Not every experience with alcohol is the same for everyone. There are different factors that can affect how individuals’ bodies absorb and metabolize alcohol. Given the same exact amount of alcohol, different peoples’ level of intoxication varies according to situational, physiological and biological factors.
Biological sex is one factor that can influence how intoxicated an individual gets. Overall, alcohol is metabolized at a different rate in women than it is in men. The differences in anatomy and body composition contribute to the different alcohol experience. Reputable research and numerous studies have also shown that women have fewer of the enzymes used to metabolize alcohol, alcohol dehydrogenase and acetaldehyde dehydrogenase than men do. In fact, most men have 40% more of these enzymes than women. Many other health conditions can also decrease the human body’s ability to process alcohol and therefore present increased health risks and impact how intoxicated an individual gets.
Another factor that can influence how intoxicated someone gets is body weight. This is why men, more often than not, can handle more alcohol in their system than females, as males tend to weigh more. An individual’s body weight determines the amount of physical space through which alcohol can diffuse in the body. For example, a person who weighs 200 pounds will have a lower blood alcohol concentration than a 160-pound person who drank the same amount. Smaller stature individuals will become impaired faster from consuming alcohol.
Alcohol can be distributed throughout the body via the circulatory system and enters most tissues, except bone and fat, which is adipose tissue. Because of this, body composition is a significant factor in how intoxicated a person can get, because as the percentage of body fat increases, the resulting concentration of alcohol in the lean tissues of the body is proportionally higher. Alcohol is more soluble in water than in fat, and muscle tissue is rich with water. If an individual has more muscle than fat, then their alcohol tolerance should increase.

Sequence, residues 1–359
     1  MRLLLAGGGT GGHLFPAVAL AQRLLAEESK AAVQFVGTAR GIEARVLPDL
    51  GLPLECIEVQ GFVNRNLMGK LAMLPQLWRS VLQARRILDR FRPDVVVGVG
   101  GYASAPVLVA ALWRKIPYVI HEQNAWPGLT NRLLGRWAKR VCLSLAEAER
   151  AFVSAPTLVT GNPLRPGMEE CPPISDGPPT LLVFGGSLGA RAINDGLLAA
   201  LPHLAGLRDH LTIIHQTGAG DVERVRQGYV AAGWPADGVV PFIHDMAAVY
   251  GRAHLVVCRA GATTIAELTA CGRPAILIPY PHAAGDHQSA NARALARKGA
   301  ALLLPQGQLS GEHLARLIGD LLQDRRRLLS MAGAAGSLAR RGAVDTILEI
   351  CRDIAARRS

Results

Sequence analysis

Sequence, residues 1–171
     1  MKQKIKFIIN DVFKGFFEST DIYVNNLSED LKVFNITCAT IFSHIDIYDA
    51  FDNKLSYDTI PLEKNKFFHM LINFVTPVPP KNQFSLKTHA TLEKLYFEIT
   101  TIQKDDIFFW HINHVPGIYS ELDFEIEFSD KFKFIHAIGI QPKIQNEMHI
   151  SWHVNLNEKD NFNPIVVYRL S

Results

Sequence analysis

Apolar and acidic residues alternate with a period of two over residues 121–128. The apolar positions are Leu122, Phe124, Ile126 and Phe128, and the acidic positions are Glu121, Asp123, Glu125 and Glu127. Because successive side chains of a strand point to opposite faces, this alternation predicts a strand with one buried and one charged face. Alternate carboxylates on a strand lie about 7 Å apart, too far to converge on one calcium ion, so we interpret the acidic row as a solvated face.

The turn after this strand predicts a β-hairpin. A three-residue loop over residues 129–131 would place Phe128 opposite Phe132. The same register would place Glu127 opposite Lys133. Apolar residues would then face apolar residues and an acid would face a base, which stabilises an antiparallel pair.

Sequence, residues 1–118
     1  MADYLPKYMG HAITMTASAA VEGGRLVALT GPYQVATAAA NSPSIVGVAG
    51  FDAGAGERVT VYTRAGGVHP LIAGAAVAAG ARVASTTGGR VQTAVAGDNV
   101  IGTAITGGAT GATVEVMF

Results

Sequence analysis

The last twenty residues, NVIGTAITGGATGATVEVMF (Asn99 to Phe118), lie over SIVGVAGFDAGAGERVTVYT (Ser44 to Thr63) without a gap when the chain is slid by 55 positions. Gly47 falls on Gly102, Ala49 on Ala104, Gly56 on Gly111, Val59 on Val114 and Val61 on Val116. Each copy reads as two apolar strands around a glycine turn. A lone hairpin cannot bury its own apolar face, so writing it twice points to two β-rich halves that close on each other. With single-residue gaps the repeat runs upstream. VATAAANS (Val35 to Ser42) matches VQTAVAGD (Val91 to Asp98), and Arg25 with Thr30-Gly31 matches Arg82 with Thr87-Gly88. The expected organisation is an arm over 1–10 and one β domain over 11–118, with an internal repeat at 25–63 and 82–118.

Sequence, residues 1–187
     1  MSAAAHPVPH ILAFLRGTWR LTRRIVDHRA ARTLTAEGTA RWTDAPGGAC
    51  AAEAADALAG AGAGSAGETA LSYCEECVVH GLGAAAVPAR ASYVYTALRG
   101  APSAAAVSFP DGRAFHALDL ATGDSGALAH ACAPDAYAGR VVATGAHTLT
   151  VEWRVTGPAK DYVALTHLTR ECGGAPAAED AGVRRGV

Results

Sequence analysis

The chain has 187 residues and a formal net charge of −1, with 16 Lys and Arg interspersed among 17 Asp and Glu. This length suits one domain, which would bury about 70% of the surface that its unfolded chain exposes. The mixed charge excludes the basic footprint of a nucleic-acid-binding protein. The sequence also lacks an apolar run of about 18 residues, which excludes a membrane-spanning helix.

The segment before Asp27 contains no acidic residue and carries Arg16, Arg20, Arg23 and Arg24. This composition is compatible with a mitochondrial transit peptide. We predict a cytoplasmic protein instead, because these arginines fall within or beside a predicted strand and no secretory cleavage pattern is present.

Interactions With Other Drugs
Of course, when individuals mix recreational drugs with alcohol, the experience they are accustomed to with alcohol will be altered.
Drugs that are used for medical purposes can also have adverse effects when combined with alcohol. Certain medications can also have unpredictable interactions with alcohol. Something as innocent as Tylenol can cause major liver troubles if paired with alcohol. It is essential to ask your pharmacist or research any over-the-counter drugs you’re taking in order to understand the possible interactions before drinking. Unfortunately, in some cases, these interactions can be fatal. If you are unaware of how your medication interacts with alcohol, then it is wise to avoid alcohol while taking these medications.
Some drugs are more specific to this risk because of the specific properties of the drugs. For instance, marijuana can reduce nausea, which can inhibit the human body’s ability to remove harmful toxins by vomiting. Because of this, marijuana has the potential to increase the threshold required to elicit a vomit response.
The reason why over-the-counter drugs like Advil and Tylenol are dangerous when mixed with alcohol is that these drugs are also metabolized by the liver. Advil and Tylenol are not in their active form when taken, but they are then transformed in the liver into the active agent. Drinking alcohol while taking these painkillers creates a “bottleneck” in the liver. The drug is then processed incorrectly and the byproducts kill liver cells. As a result, alcohol is metabolized slower.
It is also important not to mix alcohol with other depressants, which includes some antihistamines, which can make the individual drowsy and at risk for accidents or physical harm. Most importantly, when prescription drugs are combined with alcohol, an individual may experience increased impairment. Such results can include a dangerously reduced heart rate and lowered blood pressure.